Daily News  :: Southern Africa

NAMIBIA
Australian firm discovers "rich" uranium deposits in Namibia

Published: 12-JAN-07

WINDHOEK Australian Stock Exchange (ASX)-quoted West Australian Metals (WME), the latest firm to join the rush for Namibia's uranium said Thursday it has discovered rich deposits of the highly-priced mineral at its Marenica Project in Namibia.

WME in a statement to the media said sampling has revealed widespread, near surface mineralisation and identified possible extensions outside the main prospected area.

Company officials said the Marenica uranium project has confirmed mineralisation in excess of 100 metres in width and grades up to 1.005 ppm (0.10 percent) uranium oxide within the trenches.

WME said it has pumped in $1.9mn into exploration. The firm did not indicate when it would move to commercially exploit the uranium deposits.

"The company is most encouraged by these latest results which follow the widespread areas of significant uranium mineralisation reported from phase one of our trench and pit geo-chemical sampling programme," said technical director, Leon Reisgys.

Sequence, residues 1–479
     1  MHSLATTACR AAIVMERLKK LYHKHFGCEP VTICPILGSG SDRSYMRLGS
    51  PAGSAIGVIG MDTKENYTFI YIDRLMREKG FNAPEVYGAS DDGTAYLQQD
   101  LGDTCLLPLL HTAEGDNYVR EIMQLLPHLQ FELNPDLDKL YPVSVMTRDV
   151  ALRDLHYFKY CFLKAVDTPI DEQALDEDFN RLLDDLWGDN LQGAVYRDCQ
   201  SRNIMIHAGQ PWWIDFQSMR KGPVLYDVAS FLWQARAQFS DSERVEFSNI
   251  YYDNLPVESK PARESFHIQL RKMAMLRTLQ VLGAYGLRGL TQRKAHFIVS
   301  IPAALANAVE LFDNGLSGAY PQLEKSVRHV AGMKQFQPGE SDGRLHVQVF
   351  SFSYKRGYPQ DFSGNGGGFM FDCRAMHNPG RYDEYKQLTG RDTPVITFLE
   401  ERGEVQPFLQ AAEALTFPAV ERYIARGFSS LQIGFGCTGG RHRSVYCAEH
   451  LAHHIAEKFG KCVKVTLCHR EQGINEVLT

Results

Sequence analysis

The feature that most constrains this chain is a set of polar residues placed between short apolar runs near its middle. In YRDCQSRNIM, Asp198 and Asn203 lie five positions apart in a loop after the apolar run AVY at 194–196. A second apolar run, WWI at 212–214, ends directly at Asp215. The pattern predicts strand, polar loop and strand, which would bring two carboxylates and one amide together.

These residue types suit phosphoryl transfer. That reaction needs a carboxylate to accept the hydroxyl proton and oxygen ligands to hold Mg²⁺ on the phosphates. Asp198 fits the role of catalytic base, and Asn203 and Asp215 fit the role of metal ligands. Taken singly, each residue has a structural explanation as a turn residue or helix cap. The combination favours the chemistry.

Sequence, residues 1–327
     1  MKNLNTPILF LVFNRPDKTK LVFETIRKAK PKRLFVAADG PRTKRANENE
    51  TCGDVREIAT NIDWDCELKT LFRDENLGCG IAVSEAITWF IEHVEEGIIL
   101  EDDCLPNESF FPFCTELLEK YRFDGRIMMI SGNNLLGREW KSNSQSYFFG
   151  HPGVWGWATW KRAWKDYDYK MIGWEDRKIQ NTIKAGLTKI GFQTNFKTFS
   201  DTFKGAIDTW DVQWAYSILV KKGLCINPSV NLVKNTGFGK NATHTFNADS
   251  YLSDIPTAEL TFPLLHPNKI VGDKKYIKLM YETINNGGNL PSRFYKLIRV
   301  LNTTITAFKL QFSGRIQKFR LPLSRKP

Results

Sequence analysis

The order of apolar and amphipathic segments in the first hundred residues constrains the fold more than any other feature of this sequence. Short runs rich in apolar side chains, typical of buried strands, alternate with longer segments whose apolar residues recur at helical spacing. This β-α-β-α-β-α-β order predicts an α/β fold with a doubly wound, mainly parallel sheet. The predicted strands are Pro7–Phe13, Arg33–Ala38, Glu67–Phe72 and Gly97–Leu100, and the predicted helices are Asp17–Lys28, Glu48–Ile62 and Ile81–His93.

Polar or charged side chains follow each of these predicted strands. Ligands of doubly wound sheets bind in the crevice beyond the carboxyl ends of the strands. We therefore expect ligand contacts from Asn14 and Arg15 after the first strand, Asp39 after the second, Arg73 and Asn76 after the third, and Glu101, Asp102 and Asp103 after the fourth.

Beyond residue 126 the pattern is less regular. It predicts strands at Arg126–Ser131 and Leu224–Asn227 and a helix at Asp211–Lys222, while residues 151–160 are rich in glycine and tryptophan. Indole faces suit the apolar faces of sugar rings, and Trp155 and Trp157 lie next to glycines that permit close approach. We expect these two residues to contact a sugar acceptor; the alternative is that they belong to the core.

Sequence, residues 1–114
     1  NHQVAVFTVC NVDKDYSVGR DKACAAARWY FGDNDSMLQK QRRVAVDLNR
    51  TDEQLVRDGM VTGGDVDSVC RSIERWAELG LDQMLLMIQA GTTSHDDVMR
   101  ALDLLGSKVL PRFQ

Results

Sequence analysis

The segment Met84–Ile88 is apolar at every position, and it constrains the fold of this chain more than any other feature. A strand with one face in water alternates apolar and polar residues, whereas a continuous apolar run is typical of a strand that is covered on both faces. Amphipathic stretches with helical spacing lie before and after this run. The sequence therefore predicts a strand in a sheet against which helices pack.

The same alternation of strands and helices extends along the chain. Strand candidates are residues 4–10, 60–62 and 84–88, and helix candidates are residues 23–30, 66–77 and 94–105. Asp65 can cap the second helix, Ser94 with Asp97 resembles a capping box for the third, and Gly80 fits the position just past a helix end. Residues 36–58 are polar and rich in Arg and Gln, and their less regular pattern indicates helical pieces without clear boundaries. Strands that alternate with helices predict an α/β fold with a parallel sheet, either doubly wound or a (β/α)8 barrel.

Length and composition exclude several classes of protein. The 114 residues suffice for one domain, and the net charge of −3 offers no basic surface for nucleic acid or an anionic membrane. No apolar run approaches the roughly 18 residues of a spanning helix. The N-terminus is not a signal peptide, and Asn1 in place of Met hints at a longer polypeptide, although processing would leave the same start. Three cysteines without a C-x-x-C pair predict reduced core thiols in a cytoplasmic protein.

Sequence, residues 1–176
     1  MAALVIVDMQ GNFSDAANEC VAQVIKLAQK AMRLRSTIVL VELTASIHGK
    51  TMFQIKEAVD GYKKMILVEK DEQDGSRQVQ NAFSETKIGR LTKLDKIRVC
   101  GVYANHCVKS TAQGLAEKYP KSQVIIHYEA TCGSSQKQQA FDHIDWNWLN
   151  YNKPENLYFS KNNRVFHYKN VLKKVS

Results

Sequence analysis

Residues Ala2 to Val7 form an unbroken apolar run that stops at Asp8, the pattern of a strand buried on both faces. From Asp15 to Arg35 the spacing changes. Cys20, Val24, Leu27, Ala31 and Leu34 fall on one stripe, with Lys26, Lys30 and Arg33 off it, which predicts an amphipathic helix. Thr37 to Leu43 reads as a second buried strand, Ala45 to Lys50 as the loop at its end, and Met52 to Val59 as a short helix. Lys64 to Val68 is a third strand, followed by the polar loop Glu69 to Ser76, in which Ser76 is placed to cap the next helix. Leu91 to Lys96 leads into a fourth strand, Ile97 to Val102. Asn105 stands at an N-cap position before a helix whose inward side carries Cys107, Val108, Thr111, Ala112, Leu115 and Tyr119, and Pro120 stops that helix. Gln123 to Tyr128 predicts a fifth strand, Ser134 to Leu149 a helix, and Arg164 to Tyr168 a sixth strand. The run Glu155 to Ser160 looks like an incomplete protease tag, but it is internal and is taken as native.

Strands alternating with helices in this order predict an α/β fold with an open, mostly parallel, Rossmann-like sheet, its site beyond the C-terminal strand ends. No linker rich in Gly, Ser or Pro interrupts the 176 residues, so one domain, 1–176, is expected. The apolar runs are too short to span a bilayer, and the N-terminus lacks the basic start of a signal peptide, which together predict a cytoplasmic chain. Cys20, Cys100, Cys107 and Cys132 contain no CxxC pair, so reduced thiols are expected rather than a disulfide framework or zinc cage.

WME's positive findings also confirm Namibia as the Australian investors' new uranium frontier.

Australian firm, Paladin Resources commissioned its $92mn Langer Heinrich Uranium mines on 28 December 2006. Australia controls a quarter of world uranium production.

"In particular, the results now available confirm the finding that the highest uranium grades are in trenches located in most north-western and southern trenches indicating likely extensions, or presence of higher grade zones outside the sampled area," Reisgys said.

Uranium industry experts estimate global demand for the mineral to double in the next 25 year, fuelled by China's ambitious plan to increase nuclear energy capacity five-fold to 40 gigawatts by 2020, equalling Russia nuclear plans for 2030, and twice as large as India's ambitions.

Market watchers say that there are 28 nuclear reactors under construction globally whilst another 62 are being planned. Japan intends to add 11 more by 2010 and China 24 by 2020.

Analysts say that about 440 reactors in the world require more than 154 million pounds of uranium from mines and stockpiles per annum.

The demand has seen uranium prices doubling last year and are up six fold in the last five years at $72 per pound.- Panapress



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